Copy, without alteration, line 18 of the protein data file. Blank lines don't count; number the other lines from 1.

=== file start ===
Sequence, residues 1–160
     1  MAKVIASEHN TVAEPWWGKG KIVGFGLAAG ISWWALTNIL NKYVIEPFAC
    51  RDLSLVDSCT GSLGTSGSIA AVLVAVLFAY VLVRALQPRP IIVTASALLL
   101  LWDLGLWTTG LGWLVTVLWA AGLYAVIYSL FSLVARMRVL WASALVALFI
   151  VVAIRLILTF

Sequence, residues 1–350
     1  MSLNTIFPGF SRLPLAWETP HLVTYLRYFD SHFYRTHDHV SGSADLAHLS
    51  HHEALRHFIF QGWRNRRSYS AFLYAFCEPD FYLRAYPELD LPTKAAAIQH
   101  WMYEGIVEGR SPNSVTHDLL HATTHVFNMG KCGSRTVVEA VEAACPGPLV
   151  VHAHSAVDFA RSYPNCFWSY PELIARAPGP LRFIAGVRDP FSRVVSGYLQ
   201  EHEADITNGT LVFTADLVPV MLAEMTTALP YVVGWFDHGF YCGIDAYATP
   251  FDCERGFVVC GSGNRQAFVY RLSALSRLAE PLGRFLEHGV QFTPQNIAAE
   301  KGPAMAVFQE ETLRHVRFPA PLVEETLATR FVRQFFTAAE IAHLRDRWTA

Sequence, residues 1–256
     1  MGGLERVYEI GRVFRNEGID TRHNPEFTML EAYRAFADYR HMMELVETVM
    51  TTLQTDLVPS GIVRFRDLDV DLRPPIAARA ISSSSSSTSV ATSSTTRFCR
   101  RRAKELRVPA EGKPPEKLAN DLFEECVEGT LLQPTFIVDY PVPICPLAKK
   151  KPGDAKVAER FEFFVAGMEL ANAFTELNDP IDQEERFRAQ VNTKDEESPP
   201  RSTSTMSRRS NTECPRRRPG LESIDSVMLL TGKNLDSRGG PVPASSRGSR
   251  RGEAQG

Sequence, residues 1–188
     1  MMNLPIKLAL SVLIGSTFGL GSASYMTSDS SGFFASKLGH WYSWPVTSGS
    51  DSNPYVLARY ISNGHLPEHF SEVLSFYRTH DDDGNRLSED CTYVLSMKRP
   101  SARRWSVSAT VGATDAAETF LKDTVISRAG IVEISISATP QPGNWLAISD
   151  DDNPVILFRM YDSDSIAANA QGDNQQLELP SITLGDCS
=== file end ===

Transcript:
   151  KPGDAKVAER FEFFVAGMEL ANAFTELNDP IDQEERFRAQ VNTKDEESPP